How to Start a Career in UX Design
Published: January 9, 2012
Quite often, Web magazines, blogs, and other Web sites feature many interesting and informative articles about how to do UX design, graphic design, and Web design, but offer very little content about the fundamental steps that one must take to actually develop a career in one of these fields. So what should you do if you are just starting out as a UX designer, and what steps should you take to further your career?
As in many other areas of life, a good education is, of course, essential to success. It is vital that you understand all that user experience encompasses before trying to decide what you are really good at and what really excites you, so you’ll know what area you want to specialize in.
You might get a formal education—perhaps earning a university degree in Human Computer Interaction or Interaction Design. But, if formal education is not your thing, there are other options available. You could start out by reading some basic UX books such as The Design of Everyday Things by Don Norman or Don’t Make Me Think by Steve Krug. These are both great books because they show how to design things for use by people. Krug’s book focuses more on design for the Web and how people interact with it. After reading these two books, you will not be able to look at design in the same way again.
Another option would be to attend conferences or Webinars and soak up as much information as possible. Plus, if you really need to be hands on, there are Cooper U workshops on many aspects of UX design. However, for a beginner in the field of user experience, conferences can be expensive, so you may want to seek opportunities to interact with UX professionals without the expense. CHI, IxDA, UPA, and other professional organizations have local groups that hold events—often free events. If there isn’t one near you, why not start your own local group? Volunteering sets you on the path to being a leader in your field, not just a follower.
There are also UX Book Clubs in most major cities around the world that you can attend. You can discuss some of the ideas in the books that you’ve read with other UX professionals and even get advice from fellow attendees about how to progress in your career.
While having a good education is a great starting point, you won’t get very far without having some experience behind you. The best place to start is by looking for entry-level jobs in UX design or related fields such as graphic design or Web design. However, if you have no formal training, getting your first job in user experience can be particularly difficult. You may have to start out in other positions at an agency or product development company, then gradually take on UX design tasks as and when opportunities arise.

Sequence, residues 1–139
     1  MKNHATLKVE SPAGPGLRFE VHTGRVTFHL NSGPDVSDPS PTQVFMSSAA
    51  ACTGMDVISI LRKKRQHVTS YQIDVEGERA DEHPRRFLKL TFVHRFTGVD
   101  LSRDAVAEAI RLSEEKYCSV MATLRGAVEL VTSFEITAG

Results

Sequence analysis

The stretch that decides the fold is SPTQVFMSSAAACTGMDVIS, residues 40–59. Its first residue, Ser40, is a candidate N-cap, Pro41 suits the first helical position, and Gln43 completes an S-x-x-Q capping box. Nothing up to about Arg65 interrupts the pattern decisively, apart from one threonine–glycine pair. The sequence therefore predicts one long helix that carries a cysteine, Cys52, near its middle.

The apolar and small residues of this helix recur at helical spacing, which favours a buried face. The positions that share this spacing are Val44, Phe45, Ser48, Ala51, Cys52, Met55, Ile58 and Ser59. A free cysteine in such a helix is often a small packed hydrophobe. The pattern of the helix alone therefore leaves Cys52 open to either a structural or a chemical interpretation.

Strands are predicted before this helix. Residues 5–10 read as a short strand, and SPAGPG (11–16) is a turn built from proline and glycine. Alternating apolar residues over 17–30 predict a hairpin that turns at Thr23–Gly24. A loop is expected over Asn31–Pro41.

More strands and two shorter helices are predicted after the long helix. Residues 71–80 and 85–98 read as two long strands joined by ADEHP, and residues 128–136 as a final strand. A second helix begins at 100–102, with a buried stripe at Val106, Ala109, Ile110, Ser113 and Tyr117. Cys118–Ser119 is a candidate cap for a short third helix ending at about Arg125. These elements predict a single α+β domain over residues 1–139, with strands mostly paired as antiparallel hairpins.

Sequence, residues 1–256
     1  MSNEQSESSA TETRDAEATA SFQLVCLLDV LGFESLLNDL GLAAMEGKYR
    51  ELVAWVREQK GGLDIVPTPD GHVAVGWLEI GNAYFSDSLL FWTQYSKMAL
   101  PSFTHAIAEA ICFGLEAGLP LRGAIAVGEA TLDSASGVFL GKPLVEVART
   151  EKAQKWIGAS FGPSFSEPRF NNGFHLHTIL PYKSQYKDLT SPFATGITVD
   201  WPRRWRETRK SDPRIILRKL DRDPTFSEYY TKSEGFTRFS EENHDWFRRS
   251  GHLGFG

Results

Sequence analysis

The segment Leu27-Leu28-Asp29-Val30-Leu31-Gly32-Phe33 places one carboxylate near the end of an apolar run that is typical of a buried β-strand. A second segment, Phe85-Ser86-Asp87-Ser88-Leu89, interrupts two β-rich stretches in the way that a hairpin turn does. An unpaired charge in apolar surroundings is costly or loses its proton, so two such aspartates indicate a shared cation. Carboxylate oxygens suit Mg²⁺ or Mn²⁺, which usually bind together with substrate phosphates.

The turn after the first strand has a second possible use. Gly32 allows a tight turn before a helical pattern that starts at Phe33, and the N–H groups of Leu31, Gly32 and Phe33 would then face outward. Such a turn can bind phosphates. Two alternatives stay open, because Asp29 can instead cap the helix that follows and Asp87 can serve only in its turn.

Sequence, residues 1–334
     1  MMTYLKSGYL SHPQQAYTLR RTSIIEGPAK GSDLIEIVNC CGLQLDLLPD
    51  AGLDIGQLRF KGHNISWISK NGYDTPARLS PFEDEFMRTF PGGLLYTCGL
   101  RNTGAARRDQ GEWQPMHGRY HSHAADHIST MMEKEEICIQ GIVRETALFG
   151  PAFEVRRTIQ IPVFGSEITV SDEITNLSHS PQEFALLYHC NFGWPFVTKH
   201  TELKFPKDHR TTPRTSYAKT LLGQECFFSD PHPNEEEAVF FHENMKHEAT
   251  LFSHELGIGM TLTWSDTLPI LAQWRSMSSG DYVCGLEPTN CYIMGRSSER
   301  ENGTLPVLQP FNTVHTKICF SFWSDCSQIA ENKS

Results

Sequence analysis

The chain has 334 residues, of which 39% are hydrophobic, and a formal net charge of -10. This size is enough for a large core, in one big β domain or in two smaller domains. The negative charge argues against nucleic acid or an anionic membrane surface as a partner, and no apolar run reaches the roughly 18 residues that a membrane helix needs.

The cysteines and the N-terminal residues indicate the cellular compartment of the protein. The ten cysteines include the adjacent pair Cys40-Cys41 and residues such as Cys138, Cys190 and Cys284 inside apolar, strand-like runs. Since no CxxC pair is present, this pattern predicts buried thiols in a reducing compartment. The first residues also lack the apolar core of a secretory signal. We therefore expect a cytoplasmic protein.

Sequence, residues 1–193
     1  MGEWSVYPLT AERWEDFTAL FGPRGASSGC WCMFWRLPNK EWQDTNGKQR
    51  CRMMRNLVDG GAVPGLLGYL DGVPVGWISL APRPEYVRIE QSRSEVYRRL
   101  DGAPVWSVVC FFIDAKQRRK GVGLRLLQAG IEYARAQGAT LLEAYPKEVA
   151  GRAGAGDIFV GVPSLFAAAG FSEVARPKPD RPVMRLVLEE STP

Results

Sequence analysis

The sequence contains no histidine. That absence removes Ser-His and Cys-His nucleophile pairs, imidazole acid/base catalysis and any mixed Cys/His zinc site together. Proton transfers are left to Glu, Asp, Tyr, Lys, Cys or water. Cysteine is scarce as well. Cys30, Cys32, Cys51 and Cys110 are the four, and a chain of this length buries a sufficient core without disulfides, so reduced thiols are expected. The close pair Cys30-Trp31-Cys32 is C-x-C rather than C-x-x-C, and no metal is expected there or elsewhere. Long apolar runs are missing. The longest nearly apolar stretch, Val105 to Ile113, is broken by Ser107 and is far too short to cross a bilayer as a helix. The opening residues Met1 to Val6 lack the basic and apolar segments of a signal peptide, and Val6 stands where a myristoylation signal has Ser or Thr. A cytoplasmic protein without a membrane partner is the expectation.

Tell as many people as possible about your career goals and how you want your career to develop. Then, if anyone hears of a small project in UX design, they may contact you. At first, you may have to work for little or no pay, but if you really believe user experience is the right career for you, all your hard work should pay off.
If you are just starting out and really have nothing in your portfolio, why not create your own project to demonstrate your skills—such as designing a new Web site or redesigning a well-known Web site to showcase your potential. Early in your career, chances are that you have little to show prospective employers in your portfolio. Doing design work for friends and family can present good opportunities for building up your portfolio. If you have had a formal education in design, you are likely to have more in your portfolio from the projects you did when in school. When applying for a job, make sure you include only relevant information and work in your portfolio, so you can really focus your application on that one position.